Joel – The Land

If asked, before this study, I would have said the key feature in the Book of Joel is the locust; now I would say it is “the land” or “His land.”  The reason for the locust came was to distress the people and clean the land. Sometimes our English translations don’t do the Hebrew text justice.  Joel used specific words when he talked about valleys and mountains that change the mental pictures of his prophecy.  He does the same thing when he is writing about land or ground; most of the time the word is erets, but twice the word adamah is used.

David states in Psalm 24:1 “the earth is the Lord’s and everything that is in it.”  Joel is writing to the “elders” and “the all” that live in THE LAND.  In 1:6 and 3:2 Yahweh refers to this piece of real estate as “My land” and Joel in 2:18 calls it “His land.”  The word is erets and refers to earth or by extension all of the earth is His because He made it.  But that little sliver of land we call Israel is very special to Him.  It is no mistake that he led Abram there and promised it to his yet unborn children.  New Jerusalem will be placed there and some Bible teachers will make the argument that is where the Garden of Eden (2:3) was.  Those locusts were sent to strip the fields and pastures and so cover the mountains and valleys in order “to clean” it off.  This, in turn, produced the anguish/repentance that was needed.  The army of locust/army of people will be judged for what they do in Israel.

Adamah the word for ground/earth is used in 1:10 and 2:21, and it refers to red or productive ground and is the ground that Adam came from.  This term is important because it is a promise for us; when we are obedient the ground is productive, but rebellion will hinder that productiveness.  1:10 is dealing with the rebellion/loss of production and 2:21 is when Judah is promised blessings again.

The razing of the land talked about in Joel sounds like the destruction that the Roman army brought when they destroyed Jerusalem in 70 A.D.

God is the Master Gardener; He is letting us use His earth we need to take care of it as best we can.

Joel – Mountains

To do a post on valleys and not one on mountains does not seem right.  The Hebrew word har is used six times in Joel.  A word for hill is used once in 3: 18, but depending on the translation you may read “hill” even though it is the word Har. (Got to love translators and their work.)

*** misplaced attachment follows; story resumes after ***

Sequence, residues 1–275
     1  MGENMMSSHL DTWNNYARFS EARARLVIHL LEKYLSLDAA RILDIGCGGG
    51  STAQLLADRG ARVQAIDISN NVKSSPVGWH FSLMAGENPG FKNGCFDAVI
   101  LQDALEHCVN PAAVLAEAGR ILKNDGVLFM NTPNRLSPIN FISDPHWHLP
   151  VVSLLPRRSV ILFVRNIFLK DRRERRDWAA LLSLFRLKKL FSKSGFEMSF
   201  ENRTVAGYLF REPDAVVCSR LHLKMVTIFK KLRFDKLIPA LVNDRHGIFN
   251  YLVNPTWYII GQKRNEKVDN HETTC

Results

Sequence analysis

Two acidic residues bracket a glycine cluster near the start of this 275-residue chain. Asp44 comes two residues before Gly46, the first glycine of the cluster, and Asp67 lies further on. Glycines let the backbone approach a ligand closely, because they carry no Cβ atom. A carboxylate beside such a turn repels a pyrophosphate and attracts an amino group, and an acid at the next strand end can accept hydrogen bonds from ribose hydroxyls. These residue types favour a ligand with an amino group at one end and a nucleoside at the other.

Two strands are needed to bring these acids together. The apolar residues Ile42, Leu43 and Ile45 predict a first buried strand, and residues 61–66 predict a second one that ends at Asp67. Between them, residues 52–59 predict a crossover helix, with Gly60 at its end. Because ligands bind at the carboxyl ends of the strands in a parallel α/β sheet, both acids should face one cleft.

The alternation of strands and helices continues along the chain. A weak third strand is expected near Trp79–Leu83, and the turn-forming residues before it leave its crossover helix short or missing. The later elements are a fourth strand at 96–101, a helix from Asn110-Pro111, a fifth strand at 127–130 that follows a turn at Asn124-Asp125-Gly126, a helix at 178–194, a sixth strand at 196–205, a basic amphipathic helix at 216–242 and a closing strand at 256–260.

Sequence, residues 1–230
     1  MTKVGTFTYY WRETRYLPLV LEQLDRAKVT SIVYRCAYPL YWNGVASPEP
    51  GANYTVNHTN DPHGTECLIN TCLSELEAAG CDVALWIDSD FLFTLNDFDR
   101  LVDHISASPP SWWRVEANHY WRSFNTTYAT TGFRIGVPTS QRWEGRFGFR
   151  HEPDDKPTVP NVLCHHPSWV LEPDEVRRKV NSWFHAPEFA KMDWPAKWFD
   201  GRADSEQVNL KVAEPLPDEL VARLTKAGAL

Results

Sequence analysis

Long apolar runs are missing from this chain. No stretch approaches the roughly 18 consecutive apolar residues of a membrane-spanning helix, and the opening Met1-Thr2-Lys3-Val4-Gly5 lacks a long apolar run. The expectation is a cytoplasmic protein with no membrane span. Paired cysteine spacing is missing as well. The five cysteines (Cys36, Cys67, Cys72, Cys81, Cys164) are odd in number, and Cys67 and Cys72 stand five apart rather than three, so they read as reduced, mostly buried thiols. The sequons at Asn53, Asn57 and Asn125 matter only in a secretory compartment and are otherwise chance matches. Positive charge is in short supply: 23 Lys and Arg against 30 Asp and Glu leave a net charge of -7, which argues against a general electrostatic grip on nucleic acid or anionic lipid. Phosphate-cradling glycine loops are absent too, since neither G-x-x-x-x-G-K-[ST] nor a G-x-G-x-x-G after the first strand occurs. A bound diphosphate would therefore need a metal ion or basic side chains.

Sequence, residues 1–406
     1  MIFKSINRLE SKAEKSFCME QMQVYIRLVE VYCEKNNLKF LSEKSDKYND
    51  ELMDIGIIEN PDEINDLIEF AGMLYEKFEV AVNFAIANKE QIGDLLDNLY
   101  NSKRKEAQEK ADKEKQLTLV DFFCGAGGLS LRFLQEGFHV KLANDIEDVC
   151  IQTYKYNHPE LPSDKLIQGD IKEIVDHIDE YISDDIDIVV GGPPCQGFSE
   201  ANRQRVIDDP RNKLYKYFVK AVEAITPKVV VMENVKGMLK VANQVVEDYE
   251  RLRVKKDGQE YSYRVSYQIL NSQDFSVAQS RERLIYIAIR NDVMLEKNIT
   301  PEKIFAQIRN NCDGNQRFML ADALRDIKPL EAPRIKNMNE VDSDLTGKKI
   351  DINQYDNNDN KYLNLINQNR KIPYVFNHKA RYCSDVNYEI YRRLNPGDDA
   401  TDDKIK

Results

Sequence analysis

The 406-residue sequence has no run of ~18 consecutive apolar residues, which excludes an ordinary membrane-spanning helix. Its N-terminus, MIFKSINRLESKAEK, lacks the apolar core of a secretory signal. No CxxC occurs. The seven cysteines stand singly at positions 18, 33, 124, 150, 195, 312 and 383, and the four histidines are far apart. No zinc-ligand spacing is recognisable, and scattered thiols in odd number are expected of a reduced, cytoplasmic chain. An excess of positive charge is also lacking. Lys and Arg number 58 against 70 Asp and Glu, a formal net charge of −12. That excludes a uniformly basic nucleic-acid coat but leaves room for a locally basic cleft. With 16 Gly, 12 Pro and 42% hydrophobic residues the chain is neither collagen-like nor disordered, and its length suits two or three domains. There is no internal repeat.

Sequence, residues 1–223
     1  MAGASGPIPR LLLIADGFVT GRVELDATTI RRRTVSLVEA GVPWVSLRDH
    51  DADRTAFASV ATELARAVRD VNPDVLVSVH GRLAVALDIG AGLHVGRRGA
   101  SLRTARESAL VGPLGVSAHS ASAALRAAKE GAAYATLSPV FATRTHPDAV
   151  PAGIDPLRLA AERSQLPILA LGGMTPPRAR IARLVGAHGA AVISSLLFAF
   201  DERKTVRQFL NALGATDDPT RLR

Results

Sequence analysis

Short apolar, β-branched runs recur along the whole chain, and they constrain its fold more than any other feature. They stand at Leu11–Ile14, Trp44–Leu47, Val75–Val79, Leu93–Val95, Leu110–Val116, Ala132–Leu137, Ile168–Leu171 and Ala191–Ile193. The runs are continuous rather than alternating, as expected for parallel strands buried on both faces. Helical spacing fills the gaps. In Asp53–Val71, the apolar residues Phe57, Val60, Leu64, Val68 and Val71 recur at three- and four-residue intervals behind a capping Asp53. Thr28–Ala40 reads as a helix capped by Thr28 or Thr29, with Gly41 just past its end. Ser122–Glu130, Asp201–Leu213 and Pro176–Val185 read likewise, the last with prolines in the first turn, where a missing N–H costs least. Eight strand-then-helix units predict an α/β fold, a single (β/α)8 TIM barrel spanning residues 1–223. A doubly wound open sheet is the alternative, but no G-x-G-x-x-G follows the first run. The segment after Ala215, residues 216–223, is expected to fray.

Three times in Joel Har is used with the word Zion or holy (2: 1, 32; 3: 17).  The other three times the NIV adds an “s” making them plural, so to me, that makes them all the other mountains in Israel.  Mountains in Israel and other places are often sacred places.  Strong’s Concordance states they are often associated with deities and serve as symbols of strength.  Israel did have problems with using mountains as worships sites for other gods throughout its history.  If you read this thought (what we think as strong or wrong gods) into the verse when you read 2: 2, 5, and 3: 18 it transforms the verses into statements of God’s greatness and blessings over and above the gods that would war against Him and his people.

In 3:18 it is the mountains and hills that are giving the wine and milk.  These are the “areas” above the valleys where I would normally think of when it comes to food production.  I will let you draw your own conclusions here but it should give you another look into the greatness of our God.

Reference – Strong’s/Vine’s Concordance

Joel – Valleys (What they say about the End Times)

Part of the judgment/restoration prophesies in Joel deal with valleys.  The word “valley” occurs five times, but they come from two different Hebrew words: emeq and nachalahNachalah means a narrow valley and is associated with the “winter rains” and the wadi the water flows in. It is used once in Joel.  Emeq is a broad valley or vale, this word is used four times.  The different valleys are part of the metaphors that God uses to speak the truths He wants us to see about Him, so being able to visualize these landforms is important.  (See the post Valleys.)

Given the intensity of Joel’s prophesies my mental image of the valleys has been a rough place with steep sides.  So it did surprise me to find that the valley of Jehoshaphat and the valley of decision were emeq.  Now my mental picture is a place that can hold many people, and you can get into it easily (or out of it easily).

The first two uses (3:2, 12) of emeq are the Valley of Jehoshaphat which means the valley of the Eternal Judge.  In both of these, He is commanding the nations into the valley to be judged.  Several sources will note that the locust in the first part of the book could represent nations or that the nations will be like locust.  There is a valley near Jerusalem that is known by this name.  But given other prophecies and the history of the land, you would think of the valley of Megiddo.220px-jpf-jezreel_valley_and_mount_tabor

Emeq is also used in 3:17 where it is the valley of decision.  Decision in Hebrew is the word charuts.  Again my paradigm did not cover the many uses of this word.  This word is translated gold, diligent, sharp cutting objects, and refers to a wall.  Most of the uses of charuts as “gold” are in the book of Proverbs: 3:14, 8:10 & 19, and 16:16.  In these verses, they are associated with wisdom and knowledge.  When translated “diligent” it is also in Proverbs: 10:4, 12: 24 & 27, 13: 4, 21: 5.  In these verses, it is associated with wealth and valued possessions.  When it is translated as “sharp objects” it refers to threshing or harvesting implements and how the work is being done.  Daniel 9: 25 has it as a wall that will be finished in a time of distress.